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Example:Finding Mean Deviation

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In probability theory and statistics, a median is described as the numerical value separating the higher half of a sample, a population, or a probability distribution, from the lower half. The median of a finite list of numbers can be found by arranging all the observations from lowest value to highest value and picking the middle one. If there is an even number of observations, then there is no single middle value; the median is then usually defined to be the mean of the two middle values.


In a sample of data, or a finite population, there may be no member of the sample whose value is identical to the median (in the case of an even sample size), and, if there is such a member, there may be more than one so that the median may not uniquely identify a sample member. Nonetheless, the value of the median is uniquely determined with the usual definition. A related concept, in which the outcome is forced to correspond to a member of the sample, is the medoid.

At most, half the population has values less than the median, and, at most, half have values greater than the median. If both groups contain less than half the population, then some of the population is exactly equal to the median. For example, if a < b < c, then the median of the list {abc} is b, and, if a < b < c < d, then the median of the list {abcd} is the mean of b and c; i.e., it is (b + c)/2.




Arithmetic mean

In mathematics and statistics, the arithmetic mean, often referred to as simply the mean or average when the context is clear, is a method to derive the central tendency of a sample space. The term "arithmetic mean" is preferred in mathematics and statistics because it helps distinguish it from other means such as the geometric and harmonic mean.


Suppose we have sample space . Then the arithmetic mean A is defined via the equation



Absolute deviation

In statistics, the absolute deviation of an element of a data set is the absolute difference between that element and a given point. Typically the point from which the deviation is measured is a measure of central tendency, most often the median or sometimes the mean of the data set.

Di = | xi − m(X) |


Di is the absolute deviation,

xi is the data element

and m(X) is the chosen measure of central tendency of the data set-sometimes the mean (), but most often the median.

Average absolute deviation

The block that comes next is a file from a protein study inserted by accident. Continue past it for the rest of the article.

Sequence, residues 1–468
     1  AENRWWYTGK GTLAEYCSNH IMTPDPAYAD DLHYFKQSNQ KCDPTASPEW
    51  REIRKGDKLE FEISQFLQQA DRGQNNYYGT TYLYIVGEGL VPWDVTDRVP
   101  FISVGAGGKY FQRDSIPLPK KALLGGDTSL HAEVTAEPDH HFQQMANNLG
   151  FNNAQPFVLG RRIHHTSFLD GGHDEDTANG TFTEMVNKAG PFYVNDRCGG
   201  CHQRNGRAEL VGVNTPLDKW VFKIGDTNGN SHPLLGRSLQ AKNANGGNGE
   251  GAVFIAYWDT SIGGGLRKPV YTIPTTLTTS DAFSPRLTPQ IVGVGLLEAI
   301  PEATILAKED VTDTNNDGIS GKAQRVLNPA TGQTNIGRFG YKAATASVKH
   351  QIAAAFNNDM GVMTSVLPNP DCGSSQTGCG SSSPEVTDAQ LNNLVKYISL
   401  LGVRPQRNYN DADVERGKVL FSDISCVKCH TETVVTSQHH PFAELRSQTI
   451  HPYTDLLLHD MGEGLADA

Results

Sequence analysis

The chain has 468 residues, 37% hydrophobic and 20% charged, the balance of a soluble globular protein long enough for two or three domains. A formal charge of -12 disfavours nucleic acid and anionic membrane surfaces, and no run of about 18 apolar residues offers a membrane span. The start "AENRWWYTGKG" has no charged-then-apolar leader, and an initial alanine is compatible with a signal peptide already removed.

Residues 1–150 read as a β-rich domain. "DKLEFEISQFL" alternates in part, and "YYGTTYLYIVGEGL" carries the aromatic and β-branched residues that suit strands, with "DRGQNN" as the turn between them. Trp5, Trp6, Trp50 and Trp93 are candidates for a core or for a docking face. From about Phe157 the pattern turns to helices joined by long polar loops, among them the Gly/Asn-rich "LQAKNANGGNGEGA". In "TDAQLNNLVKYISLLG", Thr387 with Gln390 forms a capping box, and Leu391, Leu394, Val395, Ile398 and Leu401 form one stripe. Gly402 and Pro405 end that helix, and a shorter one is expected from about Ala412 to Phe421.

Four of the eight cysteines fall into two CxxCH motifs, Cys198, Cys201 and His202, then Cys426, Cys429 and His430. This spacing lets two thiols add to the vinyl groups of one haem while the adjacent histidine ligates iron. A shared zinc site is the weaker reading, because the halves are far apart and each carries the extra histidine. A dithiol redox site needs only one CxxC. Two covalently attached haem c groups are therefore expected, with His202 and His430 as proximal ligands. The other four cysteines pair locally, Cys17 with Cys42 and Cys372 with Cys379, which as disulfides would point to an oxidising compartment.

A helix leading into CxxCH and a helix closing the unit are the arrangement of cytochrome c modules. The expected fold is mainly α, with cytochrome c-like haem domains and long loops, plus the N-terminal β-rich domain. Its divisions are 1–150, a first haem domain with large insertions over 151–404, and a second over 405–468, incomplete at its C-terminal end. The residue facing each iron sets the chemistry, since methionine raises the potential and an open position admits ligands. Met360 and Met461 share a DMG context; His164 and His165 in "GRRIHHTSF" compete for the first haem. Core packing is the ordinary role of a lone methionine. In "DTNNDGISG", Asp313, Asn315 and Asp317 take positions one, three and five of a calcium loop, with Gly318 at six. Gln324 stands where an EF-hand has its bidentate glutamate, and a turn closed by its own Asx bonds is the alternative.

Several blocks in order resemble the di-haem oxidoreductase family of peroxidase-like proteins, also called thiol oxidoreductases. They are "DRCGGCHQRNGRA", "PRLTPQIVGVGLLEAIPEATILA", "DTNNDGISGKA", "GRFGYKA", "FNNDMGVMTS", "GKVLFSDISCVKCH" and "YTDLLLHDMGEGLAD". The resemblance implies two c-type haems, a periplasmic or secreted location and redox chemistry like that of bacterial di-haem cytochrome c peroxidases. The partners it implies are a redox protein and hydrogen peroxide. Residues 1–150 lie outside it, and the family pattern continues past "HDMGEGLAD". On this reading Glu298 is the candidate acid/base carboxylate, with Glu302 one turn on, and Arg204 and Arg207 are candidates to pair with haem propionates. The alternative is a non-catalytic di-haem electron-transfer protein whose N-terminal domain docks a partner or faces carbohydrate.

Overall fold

The average absolute deviation, or simply average deviation of a data set is the average of the absolute deviations and is a summary statistic of statistical dispersion or variability. It is also called the mean absolute deviation, but this is easily confused with the median absolute deviation.

The average absolute deviation of a set {x1, x2, ..., xn} is


Mean absolute deviation

The mean absolute deviation (MAD) is the mean absolute deviation from the mean. A related quantity, the mean absolute error (MAE), is a common measure of forecast error in time series analysis, where this measures the average absolute deviation of observations from their forecasts.

Although the term mean deviation is used as a synonym for mean absolute deviation, to be precise it is not the same; in its strict interpretation (namely, omitting the absolute value operation), the mean deviation of any data set from its mean is always zero.

(Our solved example in mathguru.com uses this concept)




Median absolute deviation


In statistics, the median absolute deviation (MAD) is a robust measure of the variability of a univariate sample of quantitative data. It can also refer to the population parameter that is estimated by the MAD calculated from a sample.

For a univariate data set X1X2, ..., Xn, the MAD is defined as the median of the absolute deviations from the data's median:

that is, starting with the residuals (deviations) from the data's median, the MAD is the median of their absolute values.




The above explanation is copied from Wikipedia, the free encyclopedia and is remixed as allowed under the Creative Commons Attribution- ShareAlike 3.0 Unported License.